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"I can get stuff done with the BeOS."

Seth Flaxman is the author of various applications, including BePlan and Legolas, a runner-up in Be's second Masters Awards. He is one of the original founders of ABiSoft. And by the way, he is twelve years old.

Be Dope: What is your computer background?

My first computer was an Amiga 2500. My father would get the Fred Fish, which later became Fresh Fish CD's for the amiga, and I would play with some of the things on them. I still have about a dozen of them laying around.

After the Amiga 2500, I had an Amiga 3000 which I tried (most unsuccessfully) to create animations with Lightwave, and the Video Toaster that was in the 3000.

The first programming I did was command-line programs for unix, but nothing that really did anything. All my programming was in C, and I knew a small amount of C++ at the time. My first GUI programming was with OSF/Motif, and I played with Tcl/Tk, but I didn't get very far, but then we got a BeBox!

How and when did you first hear of Be?

In 1995, or 1996 I heard about the BeBox, probably from an article in Wired, or some media coverage. My first experience with Be was a screenshot of BeOS as the background for X.

How old were you when you did your first programming?

Looking at old source, I did my first in Nov. of 1995, and I was born in Dec. of 1985. :)

What made you decide to develop for the BeOS?

When we first got a BeBox, in 1996, my brother was developing a java program for MacOS, as contract development. When he got a chance, he would develop for BeOS, but I didn't really get going till a little later. I decided to develop for BeOS, probably because I wanted to Be like my brother.

How would you compare learning the BeOS API vs. programming for other platforms?

The BeOS API is really, really, easy, compared to other things.... especially Motif. I recently looked at QT, and it resembles the BeOS a bit, but I prefer the BeOS API.

What led you to develop the programs you have? What sort of projects do you see yourself taking on in the future?

My first program that was available to the public was Legolas. I started Legolas in 1996, and I entered it in the 2nd masters awards, winning a runners up. Looking back on Legolas, it just isn't that great of a product, but it did help me learn the API. Looking back at the code for Legolas is hard, becasue I write much better code now.

I developed BePlan at the suggestion of my dad, who had been working on a modification of BeDaliClock that would give you a calendar. I wrote BePlan from scratch, although I borrowed the calendar computation code from XCalendar (which I think borrowed its calendar code from the unix cal(1) command) and I used concepts I saw in Plan, the CDE calendar, ical, and the PalmPilot datebook application.

I want to do more stuff with the media kit and I'm anxiously awaiting R4 (and R5).

Tell me about ABiSoft.

As edited by our legal department www.kenlaw.com:
In the beginning, when my brother was registering as a Be Developer, he needed a company name and he "invented" Absoft, which it turned out was the name of a well established large software company. When our legal department became aware of this problem, we hired a market research firm which, after thousands of hours of research and focus groups, came up with the name "ABiSoft." "ABiSoft" is now an Illinois corporation (ABiSoft, Inc.) and is our family business -- my father is president and general counsel, my brother is chief technology officer, and I'm anything I want to be. This week I'm in charge of public relations.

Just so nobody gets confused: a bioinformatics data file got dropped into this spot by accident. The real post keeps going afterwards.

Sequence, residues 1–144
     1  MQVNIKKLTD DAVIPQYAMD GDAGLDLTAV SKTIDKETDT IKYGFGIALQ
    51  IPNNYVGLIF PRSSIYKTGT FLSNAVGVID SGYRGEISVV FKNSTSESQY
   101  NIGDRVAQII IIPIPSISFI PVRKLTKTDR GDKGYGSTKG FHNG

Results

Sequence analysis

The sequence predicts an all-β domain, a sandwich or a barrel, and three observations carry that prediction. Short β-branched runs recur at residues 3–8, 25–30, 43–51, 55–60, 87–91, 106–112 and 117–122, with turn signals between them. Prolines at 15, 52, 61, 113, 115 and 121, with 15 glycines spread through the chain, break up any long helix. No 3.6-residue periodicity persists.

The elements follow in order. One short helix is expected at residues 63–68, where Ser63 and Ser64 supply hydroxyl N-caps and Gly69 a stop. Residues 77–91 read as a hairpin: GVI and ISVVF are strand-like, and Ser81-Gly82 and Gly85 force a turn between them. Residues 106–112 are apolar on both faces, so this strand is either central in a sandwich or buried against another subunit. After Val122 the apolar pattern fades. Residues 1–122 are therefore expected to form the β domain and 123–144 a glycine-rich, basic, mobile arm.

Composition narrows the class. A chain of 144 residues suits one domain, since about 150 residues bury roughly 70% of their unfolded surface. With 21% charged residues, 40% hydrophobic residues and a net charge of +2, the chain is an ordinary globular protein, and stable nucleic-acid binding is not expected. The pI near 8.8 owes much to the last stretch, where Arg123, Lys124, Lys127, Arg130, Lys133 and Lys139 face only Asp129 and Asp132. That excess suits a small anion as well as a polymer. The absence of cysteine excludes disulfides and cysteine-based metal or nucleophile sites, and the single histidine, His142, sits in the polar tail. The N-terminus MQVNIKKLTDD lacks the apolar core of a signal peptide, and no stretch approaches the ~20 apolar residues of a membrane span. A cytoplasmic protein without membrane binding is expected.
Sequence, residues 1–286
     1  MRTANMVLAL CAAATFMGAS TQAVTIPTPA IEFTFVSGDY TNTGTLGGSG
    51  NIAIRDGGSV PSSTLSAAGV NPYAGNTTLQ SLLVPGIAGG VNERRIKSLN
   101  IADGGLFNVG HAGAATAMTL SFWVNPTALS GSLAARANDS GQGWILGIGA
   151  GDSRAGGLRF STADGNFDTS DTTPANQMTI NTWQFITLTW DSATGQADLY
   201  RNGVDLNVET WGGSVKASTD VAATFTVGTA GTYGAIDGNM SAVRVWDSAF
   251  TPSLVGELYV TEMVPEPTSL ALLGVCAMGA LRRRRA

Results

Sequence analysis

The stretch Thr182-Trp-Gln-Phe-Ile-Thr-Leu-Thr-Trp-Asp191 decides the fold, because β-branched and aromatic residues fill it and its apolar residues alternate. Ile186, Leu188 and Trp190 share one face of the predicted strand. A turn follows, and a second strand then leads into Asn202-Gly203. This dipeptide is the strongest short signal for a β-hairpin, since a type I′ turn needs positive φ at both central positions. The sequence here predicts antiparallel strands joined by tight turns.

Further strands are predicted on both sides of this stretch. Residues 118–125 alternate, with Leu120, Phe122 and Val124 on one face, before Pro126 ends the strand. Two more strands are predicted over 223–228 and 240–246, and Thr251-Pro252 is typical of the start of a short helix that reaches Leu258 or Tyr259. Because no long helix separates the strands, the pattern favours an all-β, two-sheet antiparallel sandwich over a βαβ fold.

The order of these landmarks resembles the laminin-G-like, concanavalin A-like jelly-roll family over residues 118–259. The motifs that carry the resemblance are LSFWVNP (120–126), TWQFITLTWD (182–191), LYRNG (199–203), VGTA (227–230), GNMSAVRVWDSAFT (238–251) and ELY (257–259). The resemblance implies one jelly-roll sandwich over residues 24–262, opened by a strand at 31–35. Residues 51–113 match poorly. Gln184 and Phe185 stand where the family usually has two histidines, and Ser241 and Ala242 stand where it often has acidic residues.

Next week, I'll either be Zookeeper, First Assistant Prophet, or Speaker for the Dead.

Do you get a lot of feedback from people who use your programs? If so, what does it mostly say?

I get almost no feedback from people in e-mail, and this has puzzled me. I do get some positive/negative feedback in IRC chat, and this has helped me with BePlan somewhat. For example, I am talking to someone as I write this about the buttons to go left and right in the month view of BePlan, and he is criticising the black triangles that I use currently.

Have you run into any "age predjudice" issues in the BeOS community or elsewhere?

I haven't encountered much age predjudice in the BeOS community, but (at least up until now) the majority of the people out there don't seem to know my age..... Of the people who do, they have all assured me that its not age that counts....

What books would you consider a "must-read" - programming related, or otherwise? I am currently reading the Orson Scott Card four volume trilogy that starts with Ender's Game, and I'm a big fan of most of Heinlein's sci-fi book. Programming related, About Face is a great book, especially because of the words the author makes up, for example "buttcon". The C++ Primer is a must-have, but I'm still reading it.

If the BeOS was an animal, what kind would it be?

A Pequino.... oh wait, they don't exist.. Maybe a flying squirrel?

Who is your favorite Muppet, if any, and why?

Beaker? The one who the one who just makes noises.

Finish this sentence: "Developing for the BeOS kicks ass because ______________"

The programming api is so amazingly awesome, and I can get stuff done with the BeOS, unlike other *ahem* operating systems, where I have no idea why the heck its crashing.

(And its the *ONLY* OS that I can play the BeOS Talking Blues at -400%)

More Interviews:

Mike Clifton
creator of Moho

Scott Barta
NetPositive author

Joe Palmer
the father of the BeBox

Seth Flaxman
CEO of ABiSoft

Scot Hacker
BeOS Bible author

Michael Alderete
Be's Webmaster

Melanie Walker
Be Web Diva

Dominic Giampaolo
Be engineer and creator of the BFS

Douglas Irving Repetto
creator of geektoys

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